The role of strong leadership has, time and again, been recognized as a number one contributing factor to the successes of kingdoms, revolutions, and businesses alike.
Similarly, bad leadership has been accounted for in the fall of the greatest empires.
Hence, it is not a surprise that leadership is one of the most valued qualities regarding achieving success and making a mark at a mass level.
But, what is leadership? And, what are the qualities that set leaders apart?
- Leadership is a skill everyone can learn
- 1. Self-Awareness
- 2. Empathy
- 3. Self-Discipline
- 4. Integrity
- 5. Curiosity
- 6. Self-Motivation
- 7. Resilience
- 8. Flexibility
- 9. Strong Communication
- 10. Humility
- 11. Accountability
- 12. Optimism
- 13. Mentoring
- 14. Decision making
- 15. Problem solving
- 16. Strategic Thinking
- 17. Teamwork
- 18. Delegation
- 19. Conflict Management
- 20. Vision & Ability to Inspire
- To sum up …
Leadership is a skill everyone can learn
The charm, demeanor, and influence of the faces of leadership have led to deep philosophical and scientific discussions. Consequently, the perceptions and definitions of “what leadership means” are many. Yet, each point towards the ability to influence or guide others for achieving a goal.
Regarding leadership qualities, leadership has often been associated with personal attributes such as charisma, sociability, oratory skills, and social attributes such as power, position, or seniority.
Moreover, it was believed to be innate to an individual. Additionally, contrasting qualities such as sensitivity and reservedness are often viewed to be non-conducive to effective leadership.
Contrary to these popular beliefs, there are countless examples of leaders in both the extraverted and introverted qualities spectrums.
Not to mention the fact that the adverse results of leadership characterized by force and dominance often give rise to the questions of good and bad leadership.
Hence, many social scientists and psychologists have conducted extensive studies in organizational contexts to determine what makes leadership good or bad and whether it is inherent or acquired.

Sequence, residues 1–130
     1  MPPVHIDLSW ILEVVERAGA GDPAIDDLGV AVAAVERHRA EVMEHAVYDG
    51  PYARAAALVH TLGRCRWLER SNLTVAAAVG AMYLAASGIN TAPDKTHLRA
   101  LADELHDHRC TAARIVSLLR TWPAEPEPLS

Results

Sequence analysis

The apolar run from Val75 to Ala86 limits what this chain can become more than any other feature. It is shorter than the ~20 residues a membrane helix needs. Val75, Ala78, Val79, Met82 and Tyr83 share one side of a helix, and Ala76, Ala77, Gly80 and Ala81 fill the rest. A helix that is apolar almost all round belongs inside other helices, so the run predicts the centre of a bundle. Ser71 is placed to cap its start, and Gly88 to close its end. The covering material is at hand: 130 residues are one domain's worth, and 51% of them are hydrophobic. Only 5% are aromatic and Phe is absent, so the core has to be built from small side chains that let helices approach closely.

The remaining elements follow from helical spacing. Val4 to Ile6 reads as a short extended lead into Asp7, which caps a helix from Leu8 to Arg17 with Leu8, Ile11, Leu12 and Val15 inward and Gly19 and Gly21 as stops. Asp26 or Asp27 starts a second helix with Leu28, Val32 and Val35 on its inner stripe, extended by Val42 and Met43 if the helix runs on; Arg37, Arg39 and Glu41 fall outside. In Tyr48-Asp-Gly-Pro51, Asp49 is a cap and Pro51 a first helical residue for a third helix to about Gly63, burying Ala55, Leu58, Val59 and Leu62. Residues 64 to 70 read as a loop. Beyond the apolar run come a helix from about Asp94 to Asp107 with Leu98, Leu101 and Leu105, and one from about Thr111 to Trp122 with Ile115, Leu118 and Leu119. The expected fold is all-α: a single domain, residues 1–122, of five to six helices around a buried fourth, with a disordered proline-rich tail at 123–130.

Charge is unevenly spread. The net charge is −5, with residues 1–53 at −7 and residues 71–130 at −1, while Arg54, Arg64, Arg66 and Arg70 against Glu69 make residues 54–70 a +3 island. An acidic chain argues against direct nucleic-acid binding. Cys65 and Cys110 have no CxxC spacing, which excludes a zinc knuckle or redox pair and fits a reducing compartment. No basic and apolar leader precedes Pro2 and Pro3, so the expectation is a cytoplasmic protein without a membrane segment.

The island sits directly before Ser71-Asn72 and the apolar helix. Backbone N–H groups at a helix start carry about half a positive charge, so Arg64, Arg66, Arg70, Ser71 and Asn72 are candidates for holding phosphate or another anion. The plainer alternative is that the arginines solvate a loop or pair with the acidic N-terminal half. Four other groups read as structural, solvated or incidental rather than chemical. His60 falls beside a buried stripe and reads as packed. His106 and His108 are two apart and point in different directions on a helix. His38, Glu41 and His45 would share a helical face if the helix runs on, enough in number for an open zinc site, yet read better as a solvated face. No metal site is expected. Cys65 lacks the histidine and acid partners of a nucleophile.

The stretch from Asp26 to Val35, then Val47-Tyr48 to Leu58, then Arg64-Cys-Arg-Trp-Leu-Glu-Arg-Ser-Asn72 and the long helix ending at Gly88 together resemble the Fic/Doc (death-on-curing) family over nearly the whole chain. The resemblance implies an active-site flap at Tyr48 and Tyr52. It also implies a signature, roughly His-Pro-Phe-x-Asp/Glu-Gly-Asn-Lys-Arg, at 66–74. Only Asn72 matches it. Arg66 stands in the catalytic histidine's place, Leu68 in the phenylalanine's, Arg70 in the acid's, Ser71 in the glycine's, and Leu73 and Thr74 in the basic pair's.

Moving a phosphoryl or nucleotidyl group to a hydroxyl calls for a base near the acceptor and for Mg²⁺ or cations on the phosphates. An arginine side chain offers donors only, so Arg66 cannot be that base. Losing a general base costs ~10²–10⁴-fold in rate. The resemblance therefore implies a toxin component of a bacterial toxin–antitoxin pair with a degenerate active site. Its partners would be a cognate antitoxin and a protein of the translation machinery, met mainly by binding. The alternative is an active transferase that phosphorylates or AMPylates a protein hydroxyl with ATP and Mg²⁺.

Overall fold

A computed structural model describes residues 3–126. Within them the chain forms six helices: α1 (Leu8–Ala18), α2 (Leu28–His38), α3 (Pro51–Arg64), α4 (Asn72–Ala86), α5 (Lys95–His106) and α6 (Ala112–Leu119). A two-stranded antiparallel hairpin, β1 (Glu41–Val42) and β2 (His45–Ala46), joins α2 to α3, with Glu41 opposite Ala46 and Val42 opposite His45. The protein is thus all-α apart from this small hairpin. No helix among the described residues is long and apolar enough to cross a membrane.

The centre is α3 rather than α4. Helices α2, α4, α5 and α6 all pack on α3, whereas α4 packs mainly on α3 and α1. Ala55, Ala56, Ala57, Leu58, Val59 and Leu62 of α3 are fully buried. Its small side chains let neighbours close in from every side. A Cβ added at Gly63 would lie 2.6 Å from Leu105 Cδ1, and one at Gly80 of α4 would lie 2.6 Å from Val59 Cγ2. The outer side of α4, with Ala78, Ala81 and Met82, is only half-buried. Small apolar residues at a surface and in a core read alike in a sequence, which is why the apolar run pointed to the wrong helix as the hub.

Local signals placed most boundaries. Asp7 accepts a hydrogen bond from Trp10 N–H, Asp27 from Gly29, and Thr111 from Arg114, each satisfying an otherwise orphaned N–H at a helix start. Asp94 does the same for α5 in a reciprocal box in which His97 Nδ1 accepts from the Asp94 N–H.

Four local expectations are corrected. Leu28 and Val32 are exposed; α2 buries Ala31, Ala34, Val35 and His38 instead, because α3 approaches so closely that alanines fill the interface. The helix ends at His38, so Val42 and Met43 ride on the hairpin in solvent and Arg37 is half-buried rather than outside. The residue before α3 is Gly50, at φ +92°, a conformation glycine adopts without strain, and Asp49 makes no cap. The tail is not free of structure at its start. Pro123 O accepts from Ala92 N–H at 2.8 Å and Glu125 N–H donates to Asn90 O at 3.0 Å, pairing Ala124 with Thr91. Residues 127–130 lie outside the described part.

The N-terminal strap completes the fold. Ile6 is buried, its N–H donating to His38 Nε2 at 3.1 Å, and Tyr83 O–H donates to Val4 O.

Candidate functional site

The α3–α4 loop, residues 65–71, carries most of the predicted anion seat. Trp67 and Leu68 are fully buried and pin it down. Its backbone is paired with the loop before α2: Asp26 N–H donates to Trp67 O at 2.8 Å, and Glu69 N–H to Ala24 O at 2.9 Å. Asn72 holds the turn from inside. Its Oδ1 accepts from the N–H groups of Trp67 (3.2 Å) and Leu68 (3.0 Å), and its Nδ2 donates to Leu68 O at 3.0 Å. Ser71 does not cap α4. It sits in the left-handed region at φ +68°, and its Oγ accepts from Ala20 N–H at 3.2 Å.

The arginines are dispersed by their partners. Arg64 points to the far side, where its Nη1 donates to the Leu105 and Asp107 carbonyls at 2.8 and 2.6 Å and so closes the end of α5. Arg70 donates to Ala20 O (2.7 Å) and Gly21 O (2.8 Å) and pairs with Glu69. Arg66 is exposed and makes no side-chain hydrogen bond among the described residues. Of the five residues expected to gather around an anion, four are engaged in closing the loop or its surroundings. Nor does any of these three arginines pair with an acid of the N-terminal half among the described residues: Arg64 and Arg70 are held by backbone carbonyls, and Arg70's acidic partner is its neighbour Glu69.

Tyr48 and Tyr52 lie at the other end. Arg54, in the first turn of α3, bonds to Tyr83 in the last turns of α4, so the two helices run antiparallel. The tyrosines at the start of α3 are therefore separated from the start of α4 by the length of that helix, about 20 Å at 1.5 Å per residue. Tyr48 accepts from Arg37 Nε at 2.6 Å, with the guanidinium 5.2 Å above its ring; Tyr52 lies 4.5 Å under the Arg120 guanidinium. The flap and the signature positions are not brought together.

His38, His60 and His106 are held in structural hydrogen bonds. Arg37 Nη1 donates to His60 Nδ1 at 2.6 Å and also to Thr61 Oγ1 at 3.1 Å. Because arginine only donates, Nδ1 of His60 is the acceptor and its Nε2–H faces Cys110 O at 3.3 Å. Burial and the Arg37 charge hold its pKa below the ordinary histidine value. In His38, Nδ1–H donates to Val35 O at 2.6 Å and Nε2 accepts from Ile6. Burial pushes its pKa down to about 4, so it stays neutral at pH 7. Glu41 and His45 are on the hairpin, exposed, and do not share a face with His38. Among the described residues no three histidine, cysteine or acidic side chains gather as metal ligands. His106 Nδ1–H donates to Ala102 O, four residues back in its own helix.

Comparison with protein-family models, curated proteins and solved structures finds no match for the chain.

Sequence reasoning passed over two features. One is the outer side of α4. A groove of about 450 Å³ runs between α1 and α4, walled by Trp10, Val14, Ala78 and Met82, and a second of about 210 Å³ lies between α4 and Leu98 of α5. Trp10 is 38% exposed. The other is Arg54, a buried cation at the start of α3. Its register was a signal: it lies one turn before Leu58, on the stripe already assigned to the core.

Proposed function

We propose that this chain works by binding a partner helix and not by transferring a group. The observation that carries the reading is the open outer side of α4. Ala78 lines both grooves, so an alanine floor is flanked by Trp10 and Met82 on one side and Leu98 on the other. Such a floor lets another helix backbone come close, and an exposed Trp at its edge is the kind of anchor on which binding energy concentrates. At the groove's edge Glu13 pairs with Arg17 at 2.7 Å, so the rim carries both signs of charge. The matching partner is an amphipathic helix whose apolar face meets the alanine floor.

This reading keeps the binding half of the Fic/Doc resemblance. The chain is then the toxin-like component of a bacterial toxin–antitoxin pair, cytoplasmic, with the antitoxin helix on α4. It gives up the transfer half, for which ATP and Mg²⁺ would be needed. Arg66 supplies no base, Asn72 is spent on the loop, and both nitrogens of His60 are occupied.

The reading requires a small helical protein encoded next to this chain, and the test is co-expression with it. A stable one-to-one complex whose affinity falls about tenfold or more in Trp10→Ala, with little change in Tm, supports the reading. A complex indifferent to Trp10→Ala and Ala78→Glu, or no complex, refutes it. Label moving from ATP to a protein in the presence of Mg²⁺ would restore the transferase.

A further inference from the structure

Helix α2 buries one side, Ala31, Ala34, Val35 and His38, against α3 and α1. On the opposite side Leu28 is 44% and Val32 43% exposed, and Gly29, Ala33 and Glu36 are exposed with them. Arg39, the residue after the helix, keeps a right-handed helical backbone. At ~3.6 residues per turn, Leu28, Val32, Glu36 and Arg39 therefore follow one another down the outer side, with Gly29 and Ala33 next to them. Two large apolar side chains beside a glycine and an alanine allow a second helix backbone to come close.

The good news is… it is now scientifically established that leadership is a skill, and anyone can develop it regardless of their nature and nurture.
Today, every organization puts great emphasis on leadership qualities when hiring employees. For businesses, leadership is no longer about control and command. It is about managing teams to unleash their potential and maximize their productivity.
There’s more to successful leadership than “influencing” or “guiding” others. It involves a great deal of personal development as well. To lead proficiently, you need to strike a balance between emotional intelligence, social intelligence, and technical abilities.
Let’s explore the skills that lead to effective leadership and how you can cultivate them.
Unless you can lead yourself, you won’t be able to lead others. And to be able to lead yourself self-awareness is indispensable.
Self-awareness is the ability to focus on and objectively evaluate our thoughts, actions, and emotions, and how they affect us and others.
Dr. Tasha Eurich, an organizational psychologist, differentiates self-awareness into two types – internal self-awareness and external self-awareness.
Internal self-awareness refers to the clarity with which we see our own values, passions, aspirations, and reactions (including thoughts, feelings, behaviors, strengths, and weaknesses), and their impact on others.
External self-awareness represents our understanding of how others view us on the above parameters.
How does being self-aware help?